Friday, August 2, 2013
An Ill Wind
The picture strains credulity. At least that's what I thought when I went to see my father in the hospital, sometime in the nineteen-nineties, when he was recovering from an operation to install a shunt in his head. I found him strapped to his bed. The anesthetic they gave him for the operation made him so crazy they didn't know what he might do.
"See that man?" he said to me, as a male nurse silently puttered about the room, doing housekeeping nurse chores. "He's trying to kill me. Get these restraints off me. I have to get out of here."
"It's all right, Daddy. They're going to take care of you until you're well enough to go home."
"I tell you he's trying to kill me. All these people are after me. They want to take my money and send it to Washington." Well, I knew that was a lie. He was on Social Security; the only money he had came from Washington. Why would they take it back? So I put the whole rant down to a drug-induced paranoid delusion. Indeed my father regained his wits in a day or two and lived on for many years.
But I remembered that nurse when they arrested Cullen sometime later and charged him with murdering forty people, maybe more, as they lay helpless in their hospital beds. For some reason I was reminiscing about that last year in the emergency room of that very hospital. They were treating Harold for an allergic reaction to some drug or other. A young fellow with a clipboard came into our cubicle to take down some information, and I found myself chattering to him about my father and Cullen.
The young man glanced over his shoulder and pulled the curtain closed. "Ah, yes," he said. "Him."
He proceeded to tell us the following story.
Sometime in the nineties the young man had been hard at work on an Eagle Scout project. This was his second attempt, he said, the first one having failed through some evil stroke of fate. This one was a sure winner. The Catholic Church was hosting a large group of homeless people in one of their facilities, but it was a large open space with no privacy. The Scout drew up plans for partitions to make their stay more comfortable. He cleared his plans with the zoning officer and bought the materials he would need to build the partitions.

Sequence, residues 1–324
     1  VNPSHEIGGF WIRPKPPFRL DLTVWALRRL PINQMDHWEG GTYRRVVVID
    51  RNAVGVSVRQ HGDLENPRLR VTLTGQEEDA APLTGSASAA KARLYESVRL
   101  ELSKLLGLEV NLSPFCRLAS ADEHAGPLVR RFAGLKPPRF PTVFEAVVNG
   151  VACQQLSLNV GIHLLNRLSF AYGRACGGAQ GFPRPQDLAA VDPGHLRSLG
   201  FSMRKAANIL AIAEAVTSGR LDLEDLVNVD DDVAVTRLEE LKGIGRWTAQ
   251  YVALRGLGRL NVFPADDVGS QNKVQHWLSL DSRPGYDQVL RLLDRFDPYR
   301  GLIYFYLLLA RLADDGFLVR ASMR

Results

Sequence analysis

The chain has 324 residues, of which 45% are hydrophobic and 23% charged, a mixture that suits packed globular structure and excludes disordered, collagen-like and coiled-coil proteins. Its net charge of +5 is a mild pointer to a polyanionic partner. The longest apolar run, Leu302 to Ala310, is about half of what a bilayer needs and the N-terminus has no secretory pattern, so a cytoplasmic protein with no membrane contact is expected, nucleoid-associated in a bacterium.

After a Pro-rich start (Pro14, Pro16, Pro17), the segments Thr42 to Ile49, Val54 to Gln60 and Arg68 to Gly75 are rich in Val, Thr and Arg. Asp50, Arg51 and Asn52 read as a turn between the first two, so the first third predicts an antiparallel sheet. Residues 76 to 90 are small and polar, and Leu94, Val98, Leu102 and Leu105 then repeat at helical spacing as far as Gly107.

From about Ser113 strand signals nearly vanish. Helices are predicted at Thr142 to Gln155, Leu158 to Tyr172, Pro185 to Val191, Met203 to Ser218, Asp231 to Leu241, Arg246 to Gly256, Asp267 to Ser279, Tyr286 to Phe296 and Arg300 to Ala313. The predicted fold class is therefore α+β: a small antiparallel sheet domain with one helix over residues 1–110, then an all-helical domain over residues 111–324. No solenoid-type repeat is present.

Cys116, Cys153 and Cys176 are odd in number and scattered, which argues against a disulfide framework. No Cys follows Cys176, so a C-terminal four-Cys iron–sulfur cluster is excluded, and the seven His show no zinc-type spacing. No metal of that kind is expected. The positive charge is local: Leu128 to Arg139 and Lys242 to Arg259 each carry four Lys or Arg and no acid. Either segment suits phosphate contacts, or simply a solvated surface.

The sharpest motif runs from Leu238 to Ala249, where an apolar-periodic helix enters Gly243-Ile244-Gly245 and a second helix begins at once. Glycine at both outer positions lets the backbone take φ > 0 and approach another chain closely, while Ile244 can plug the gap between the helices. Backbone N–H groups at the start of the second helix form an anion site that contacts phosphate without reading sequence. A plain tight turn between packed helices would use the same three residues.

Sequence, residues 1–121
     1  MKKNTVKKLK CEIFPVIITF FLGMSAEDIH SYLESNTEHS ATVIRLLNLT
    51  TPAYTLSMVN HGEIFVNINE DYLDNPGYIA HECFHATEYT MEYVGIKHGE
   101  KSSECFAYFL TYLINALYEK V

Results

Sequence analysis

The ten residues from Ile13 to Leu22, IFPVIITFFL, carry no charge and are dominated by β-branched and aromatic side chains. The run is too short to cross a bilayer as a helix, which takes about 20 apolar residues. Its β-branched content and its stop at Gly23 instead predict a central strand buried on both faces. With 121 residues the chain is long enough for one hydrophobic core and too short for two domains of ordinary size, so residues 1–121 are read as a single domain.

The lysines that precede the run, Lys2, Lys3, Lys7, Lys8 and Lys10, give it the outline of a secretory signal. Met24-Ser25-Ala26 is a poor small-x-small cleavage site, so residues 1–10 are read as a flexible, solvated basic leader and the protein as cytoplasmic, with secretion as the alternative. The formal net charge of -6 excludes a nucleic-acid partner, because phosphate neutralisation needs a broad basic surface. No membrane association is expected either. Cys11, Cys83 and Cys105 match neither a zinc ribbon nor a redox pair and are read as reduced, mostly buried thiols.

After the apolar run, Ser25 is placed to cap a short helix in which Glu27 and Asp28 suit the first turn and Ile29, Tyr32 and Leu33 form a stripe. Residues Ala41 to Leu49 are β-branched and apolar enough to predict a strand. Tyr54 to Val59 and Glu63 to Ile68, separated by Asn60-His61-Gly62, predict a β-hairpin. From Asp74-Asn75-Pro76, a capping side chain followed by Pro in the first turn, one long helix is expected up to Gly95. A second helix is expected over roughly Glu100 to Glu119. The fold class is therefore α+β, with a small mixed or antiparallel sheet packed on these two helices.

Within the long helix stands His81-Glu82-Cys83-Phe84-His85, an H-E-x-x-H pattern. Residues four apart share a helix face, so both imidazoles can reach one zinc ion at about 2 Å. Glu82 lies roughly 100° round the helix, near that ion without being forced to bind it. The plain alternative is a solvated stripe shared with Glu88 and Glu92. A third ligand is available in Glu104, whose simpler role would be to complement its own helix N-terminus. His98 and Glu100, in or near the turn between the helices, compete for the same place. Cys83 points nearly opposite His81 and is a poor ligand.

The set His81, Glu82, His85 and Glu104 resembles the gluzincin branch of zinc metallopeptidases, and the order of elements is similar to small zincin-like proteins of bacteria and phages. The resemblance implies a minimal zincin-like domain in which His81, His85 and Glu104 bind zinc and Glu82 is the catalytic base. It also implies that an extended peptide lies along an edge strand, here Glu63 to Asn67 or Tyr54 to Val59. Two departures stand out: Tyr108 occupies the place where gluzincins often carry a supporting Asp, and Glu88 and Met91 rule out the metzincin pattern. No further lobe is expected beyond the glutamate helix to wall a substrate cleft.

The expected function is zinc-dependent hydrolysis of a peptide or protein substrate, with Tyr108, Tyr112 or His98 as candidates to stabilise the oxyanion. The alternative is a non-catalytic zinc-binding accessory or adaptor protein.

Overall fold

Then he took his plans to the parish priest.
"No," said the priest. "You can't do that."
A few days later the priest fell ill, so ill that he was confined to the hospital, where he came under the care of Charles Cullen. That was the end of him.
The following week the Scout presented his plans to the priest's successor, who said, "Go right ahead, son." The young man completed his project and became an Eagle Scout.
I was thinking that this could be a great theme for a TV series, sort of like The Millionaire in reverse. Every week we could get to know somebody and then Cullen could kill him. If it weren't in such poor taste, that is. But then, we're talking about TV here.